We wended our way to Port Grimaud slowly as the other thousands of sun seekers went our way. License plates from every EU nation crowded past us, and we wooshed around roundabouts. We finally got back to their house about 8pm, I think. And even getting to their home was constricted: there are so many tourists walking the streets of Port Grimaud, that there are gates and security guards restricting car entrance of non-residents. The camper wouldn't even fit in the town, so it was parked at a large interior parking lot, and we jumed on a glorified golf cart. The guard drove Annie, and our family of five through the streets. The sun had set and the tourists crawled like cockroaches over the stalls of the sellers. Up we mounted a series of bridges connecting the arms of land between the channels. "Yodel-oo-del-ai-de-ooo!" yodeled Annie. What a hoot!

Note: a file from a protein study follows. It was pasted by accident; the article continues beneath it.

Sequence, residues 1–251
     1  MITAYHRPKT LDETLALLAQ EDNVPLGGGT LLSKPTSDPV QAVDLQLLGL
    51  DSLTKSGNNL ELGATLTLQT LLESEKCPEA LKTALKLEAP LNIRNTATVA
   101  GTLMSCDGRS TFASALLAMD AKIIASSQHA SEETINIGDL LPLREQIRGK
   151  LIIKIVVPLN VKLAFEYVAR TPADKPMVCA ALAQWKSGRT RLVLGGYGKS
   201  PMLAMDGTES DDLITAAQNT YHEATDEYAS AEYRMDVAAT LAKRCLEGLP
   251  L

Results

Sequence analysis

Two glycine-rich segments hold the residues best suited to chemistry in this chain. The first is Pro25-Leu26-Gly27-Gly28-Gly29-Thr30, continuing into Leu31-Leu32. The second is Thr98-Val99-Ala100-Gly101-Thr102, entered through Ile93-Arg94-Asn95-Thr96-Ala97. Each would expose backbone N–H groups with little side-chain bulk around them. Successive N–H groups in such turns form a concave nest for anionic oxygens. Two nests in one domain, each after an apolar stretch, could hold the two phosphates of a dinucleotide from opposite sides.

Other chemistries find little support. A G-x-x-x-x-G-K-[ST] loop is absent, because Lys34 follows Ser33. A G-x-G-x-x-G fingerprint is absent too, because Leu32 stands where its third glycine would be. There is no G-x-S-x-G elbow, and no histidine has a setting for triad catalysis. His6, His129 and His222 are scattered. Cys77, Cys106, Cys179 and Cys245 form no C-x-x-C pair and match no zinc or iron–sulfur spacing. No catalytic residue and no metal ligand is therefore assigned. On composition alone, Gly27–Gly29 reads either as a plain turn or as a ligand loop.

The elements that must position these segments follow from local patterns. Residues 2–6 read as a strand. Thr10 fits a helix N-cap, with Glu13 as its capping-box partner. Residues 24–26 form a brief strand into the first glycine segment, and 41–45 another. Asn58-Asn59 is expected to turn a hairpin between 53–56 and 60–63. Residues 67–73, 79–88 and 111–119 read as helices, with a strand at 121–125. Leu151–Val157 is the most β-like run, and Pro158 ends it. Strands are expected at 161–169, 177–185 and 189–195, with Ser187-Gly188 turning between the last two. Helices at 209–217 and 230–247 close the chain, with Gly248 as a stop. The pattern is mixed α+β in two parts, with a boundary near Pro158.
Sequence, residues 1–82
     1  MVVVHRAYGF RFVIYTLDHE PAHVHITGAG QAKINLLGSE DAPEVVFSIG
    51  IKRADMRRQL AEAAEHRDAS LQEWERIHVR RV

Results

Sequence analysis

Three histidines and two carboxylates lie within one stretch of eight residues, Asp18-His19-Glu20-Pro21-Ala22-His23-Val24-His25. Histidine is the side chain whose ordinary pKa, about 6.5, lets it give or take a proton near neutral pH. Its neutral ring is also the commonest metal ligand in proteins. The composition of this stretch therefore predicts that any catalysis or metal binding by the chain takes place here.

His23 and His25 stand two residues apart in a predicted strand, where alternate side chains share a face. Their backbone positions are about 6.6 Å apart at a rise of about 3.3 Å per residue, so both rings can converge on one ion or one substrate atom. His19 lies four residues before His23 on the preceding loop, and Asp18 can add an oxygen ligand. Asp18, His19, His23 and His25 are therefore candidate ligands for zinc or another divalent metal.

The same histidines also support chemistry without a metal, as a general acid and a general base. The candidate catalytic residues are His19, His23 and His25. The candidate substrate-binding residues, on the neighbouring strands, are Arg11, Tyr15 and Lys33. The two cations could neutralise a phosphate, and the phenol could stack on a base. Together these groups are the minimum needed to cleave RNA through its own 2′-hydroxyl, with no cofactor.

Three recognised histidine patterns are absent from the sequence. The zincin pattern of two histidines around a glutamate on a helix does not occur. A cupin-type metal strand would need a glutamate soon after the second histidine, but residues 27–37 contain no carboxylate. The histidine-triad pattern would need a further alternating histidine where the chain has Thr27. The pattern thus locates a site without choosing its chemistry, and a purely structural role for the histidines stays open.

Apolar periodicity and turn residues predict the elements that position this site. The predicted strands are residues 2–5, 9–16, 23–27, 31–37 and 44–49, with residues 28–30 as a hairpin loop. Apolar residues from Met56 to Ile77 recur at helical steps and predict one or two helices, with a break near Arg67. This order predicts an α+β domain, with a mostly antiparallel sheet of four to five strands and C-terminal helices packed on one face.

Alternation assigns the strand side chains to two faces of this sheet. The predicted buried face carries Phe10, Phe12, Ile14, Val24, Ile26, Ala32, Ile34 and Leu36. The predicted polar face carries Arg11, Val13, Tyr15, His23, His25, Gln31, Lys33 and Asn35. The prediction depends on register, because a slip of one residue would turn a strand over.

Baths and made beds and heads bumped, we finally settled down in a real home.

Thursday, July 28, 2011

Rome is where the heart is

The train went through beautiful Italian countriside, and pulled into Rome about 4:30. We walked to the hotel, and let our hair down a bit. Then, Chris said he wanted to try seeing the Vatican.

Neither of us had any hope of even entering the city. It was Saturday and 6:30pm. Sunday, the Vatican is closed to tourists (the museums and Sistine Chapel and such). Saturday night?